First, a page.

## Monday, January 23, 2012 ... /////

### Climbing inside a Fukushima reactor

Four days ago, a friend in Japan who is a good mountain-climber teamed up with 40 Japanese workers, drilled a hole into the reactor, took an Olympus-made endoscope, a few ropes, and shot this short and simple 1-minute movie from the 2nd reactor of Fukushima I.

The white mottles are gamma rays – which is just friendly light whose color is somewhat more violet than violet, if you haven't heard of gamma rays – while the white strings are water droplets.

He said that the air inside the reactor was very fresh – it reminded him of the Rocky Mountains near Boulder, Colorado – and he enjoyed the visit. It's not clear why some people, some of whom are tens of thousands of kilometers away from the facility, are scared about the gadget. And if M-theory were allowed to show its muscles in their full glory, the amount of radiation would decrease with the 9th and not just 2nd power of the distance from the reactor. ;-)

More seriously, it still seems to be the case that almost one year after a rather large earthquake and the resulting tsunami damaged the power plant, there hasn't been a single casualty related to the nuclear technology. But the fear of the "invisible killer" has been spread so efficiently that it is de facto hardwired in the brains of most of us – in some sense, the list of victims includes your humble correspondent.

The analysis of the interior of the reactor through a 13-millimeter hole showed that the radioactivity and humidity is probably very high over there and many things can't be seen too well. At the same moment, the systems of cables, tubes, and the structures supporting them don't seem to be damaged. Because one can see things that are 4 meters above the floor, it follows that water in the containment isn't going this high. The temperature was confirmed to be 44.7 °C.

Various major steps in the deconstruction and decontamination of the facility could be completed as early as in 2012. Japanese authorities have asked the international nuclear agency to create a permanent observatory on that place. The average citizen of Fukushima only received 0.25 mSv; for about 100 people, it's been 1-3 mSv. Note that the TRF rule-of-thumb quantifies death as 5 Sv.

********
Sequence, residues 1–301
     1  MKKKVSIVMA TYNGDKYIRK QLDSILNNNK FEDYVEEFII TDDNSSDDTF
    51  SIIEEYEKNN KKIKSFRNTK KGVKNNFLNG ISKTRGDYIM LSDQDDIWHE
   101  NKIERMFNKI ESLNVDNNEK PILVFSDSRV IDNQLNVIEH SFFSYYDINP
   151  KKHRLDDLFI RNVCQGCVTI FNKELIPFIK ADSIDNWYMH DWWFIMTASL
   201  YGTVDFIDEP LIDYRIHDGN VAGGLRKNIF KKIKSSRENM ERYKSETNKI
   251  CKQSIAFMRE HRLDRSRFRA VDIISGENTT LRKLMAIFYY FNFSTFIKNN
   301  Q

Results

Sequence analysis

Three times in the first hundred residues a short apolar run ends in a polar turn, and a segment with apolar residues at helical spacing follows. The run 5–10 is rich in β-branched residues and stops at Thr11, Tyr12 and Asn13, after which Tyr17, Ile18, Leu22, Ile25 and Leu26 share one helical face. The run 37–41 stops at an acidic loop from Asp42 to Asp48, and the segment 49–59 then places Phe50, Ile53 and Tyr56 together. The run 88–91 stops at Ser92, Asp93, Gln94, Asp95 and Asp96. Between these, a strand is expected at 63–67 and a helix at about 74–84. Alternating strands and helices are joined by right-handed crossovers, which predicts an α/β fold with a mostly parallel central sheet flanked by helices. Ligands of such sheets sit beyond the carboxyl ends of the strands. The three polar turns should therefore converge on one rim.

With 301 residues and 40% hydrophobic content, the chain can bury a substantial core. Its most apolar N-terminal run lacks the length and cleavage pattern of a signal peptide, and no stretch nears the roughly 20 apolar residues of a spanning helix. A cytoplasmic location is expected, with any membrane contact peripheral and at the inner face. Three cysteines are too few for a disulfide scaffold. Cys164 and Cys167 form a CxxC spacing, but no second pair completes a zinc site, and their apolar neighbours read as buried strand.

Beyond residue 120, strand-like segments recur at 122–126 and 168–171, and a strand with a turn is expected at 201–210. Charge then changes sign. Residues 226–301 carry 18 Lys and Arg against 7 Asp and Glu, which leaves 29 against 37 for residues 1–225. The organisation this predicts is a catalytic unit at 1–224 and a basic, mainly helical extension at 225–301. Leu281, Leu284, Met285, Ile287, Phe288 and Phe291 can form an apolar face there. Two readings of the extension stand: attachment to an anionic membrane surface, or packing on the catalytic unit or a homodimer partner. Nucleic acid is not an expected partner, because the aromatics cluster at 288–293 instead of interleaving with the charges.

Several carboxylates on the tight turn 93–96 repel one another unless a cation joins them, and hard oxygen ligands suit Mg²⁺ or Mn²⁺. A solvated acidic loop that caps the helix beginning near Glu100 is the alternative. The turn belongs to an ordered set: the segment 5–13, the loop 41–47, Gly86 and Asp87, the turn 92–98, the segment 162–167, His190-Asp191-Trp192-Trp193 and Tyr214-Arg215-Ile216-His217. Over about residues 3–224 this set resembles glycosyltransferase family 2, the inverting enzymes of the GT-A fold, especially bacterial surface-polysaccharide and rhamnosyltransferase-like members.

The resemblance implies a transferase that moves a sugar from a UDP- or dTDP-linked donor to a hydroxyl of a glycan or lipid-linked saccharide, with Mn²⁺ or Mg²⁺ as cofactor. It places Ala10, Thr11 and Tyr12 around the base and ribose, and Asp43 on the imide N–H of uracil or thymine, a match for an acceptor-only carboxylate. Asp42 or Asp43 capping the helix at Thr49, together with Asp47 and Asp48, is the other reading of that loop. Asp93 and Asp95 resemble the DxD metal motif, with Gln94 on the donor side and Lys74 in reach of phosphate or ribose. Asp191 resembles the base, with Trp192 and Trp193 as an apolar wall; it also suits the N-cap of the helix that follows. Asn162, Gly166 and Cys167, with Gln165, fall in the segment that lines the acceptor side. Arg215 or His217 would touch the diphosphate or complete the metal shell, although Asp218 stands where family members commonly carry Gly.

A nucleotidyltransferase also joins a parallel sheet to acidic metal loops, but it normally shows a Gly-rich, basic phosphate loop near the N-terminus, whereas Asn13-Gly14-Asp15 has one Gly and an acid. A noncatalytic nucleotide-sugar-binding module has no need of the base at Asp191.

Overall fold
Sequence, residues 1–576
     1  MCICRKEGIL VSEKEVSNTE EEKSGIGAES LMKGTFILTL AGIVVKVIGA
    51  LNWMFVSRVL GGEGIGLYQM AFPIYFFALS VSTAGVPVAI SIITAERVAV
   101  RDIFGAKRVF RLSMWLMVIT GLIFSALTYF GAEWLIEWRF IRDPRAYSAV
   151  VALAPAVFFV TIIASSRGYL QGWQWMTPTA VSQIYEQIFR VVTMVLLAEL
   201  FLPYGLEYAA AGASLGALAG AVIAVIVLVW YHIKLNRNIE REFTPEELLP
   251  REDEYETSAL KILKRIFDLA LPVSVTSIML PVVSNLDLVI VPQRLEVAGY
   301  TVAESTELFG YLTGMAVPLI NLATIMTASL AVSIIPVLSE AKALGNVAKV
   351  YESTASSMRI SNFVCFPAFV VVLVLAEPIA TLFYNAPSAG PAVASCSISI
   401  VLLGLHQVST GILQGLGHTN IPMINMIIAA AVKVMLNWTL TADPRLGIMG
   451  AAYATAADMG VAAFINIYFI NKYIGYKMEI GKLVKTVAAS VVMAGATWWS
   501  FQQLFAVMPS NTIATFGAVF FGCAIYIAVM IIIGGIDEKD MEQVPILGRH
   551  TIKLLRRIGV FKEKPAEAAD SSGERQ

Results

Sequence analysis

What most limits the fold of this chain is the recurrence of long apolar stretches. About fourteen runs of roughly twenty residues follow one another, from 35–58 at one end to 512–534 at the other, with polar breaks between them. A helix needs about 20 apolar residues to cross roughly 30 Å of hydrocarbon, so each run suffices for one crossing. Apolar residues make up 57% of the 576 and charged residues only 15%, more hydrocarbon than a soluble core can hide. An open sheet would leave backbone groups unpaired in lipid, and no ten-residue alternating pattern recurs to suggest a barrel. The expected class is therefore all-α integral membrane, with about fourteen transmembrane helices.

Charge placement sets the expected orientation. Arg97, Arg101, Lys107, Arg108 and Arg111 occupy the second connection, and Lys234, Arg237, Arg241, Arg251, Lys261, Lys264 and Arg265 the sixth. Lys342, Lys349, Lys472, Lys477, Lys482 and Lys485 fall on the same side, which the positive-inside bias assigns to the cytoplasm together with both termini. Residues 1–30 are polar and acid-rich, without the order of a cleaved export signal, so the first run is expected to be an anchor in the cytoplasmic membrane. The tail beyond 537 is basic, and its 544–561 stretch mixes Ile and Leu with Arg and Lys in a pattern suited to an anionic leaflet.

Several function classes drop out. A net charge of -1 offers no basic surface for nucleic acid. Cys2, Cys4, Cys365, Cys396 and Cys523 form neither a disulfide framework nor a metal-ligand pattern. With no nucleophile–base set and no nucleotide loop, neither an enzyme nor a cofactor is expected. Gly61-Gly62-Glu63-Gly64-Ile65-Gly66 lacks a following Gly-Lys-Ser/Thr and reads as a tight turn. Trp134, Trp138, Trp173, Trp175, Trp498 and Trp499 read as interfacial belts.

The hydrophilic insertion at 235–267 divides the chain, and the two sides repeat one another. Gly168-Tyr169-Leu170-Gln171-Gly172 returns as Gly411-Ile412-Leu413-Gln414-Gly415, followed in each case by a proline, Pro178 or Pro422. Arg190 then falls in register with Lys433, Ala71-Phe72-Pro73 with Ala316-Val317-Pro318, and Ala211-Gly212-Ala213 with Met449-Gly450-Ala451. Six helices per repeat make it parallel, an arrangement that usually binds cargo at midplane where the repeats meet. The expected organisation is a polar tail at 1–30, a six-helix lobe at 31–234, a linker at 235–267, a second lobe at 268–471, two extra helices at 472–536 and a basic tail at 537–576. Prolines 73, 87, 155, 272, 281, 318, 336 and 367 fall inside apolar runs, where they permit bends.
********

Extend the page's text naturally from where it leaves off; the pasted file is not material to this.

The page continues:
Japan was continuing its process of turning the reactors off; 54 reactors running a year ago were reduced to 5. However, the deficit of energy and growing energy prices obviously strengthen calls to restart some of the reactors.

Meanwhile, Iran is working hard to build its own nuclear industry, probably one capable of producing weapons as well. The European Union approved an immediate EU-wide Iranian oil embargo. You can't sign new contracts; previously signed contracted may continue for 6 more months. Whether this policy will be efficient is to be seen: China, the #1 importer of Iranian oil, won't join any sanctions and could even buy the oil that would be otherwise sent to Europe.

I am sure that the sanctions are already hurting Iran – much more so than they are hurting the West, despite some propaganda claiming the opposite. The weakening of the Iranian rial from 10,000 per dollar a month ago to 20,500 per dollar today is pretty brutal and it may continue.

A banknote with six zeroes, if I count the bigot who is copied at every single one of them, regardless of the numerical value, doesn't exactly emit the scent of a hard currency. ;-)

It is also pretty clear that these powerful sanctions must have crossed some "red line" as defined by the Iranian apparatchiks. The same thing has taken place on the U.S. side. Both sides obviously have all the evidence they need to start a siege of Strait of Hormuz or any other act of a "hot war". But no one seems to be willing to do so right now so all the threats look kind of ludicrous.

That doesn't mean that there won't be any war in Iran. I still think it's "more likely than not" that a war in Iran will erupt in less than one year from now.